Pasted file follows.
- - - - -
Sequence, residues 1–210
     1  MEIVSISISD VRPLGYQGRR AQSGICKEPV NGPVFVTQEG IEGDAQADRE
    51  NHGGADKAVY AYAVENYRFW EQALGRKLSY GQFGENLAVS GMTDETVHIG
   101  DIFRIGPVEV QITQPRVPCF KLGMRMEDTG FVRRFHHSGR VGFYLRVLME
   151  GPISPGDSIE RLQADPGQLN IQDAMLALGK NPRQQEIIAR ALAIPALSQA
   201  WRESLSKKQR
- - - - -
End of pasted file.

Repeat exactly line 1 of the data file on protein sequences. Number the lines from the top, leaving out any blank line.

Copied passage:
Sequence, residues 1–210